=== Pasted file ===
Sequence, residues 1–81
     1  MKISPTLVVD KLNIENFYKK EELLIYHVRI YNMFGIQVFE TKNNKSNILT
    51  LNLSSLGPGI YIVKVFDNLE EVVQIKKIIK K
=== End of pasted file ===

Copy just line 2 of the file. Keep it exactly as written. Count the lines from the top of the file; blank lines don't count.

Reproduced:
     1  MKISPTLVVD KLNIENFYKK EELLIYHVRI YNMFGIQVFE TKNNKSNILT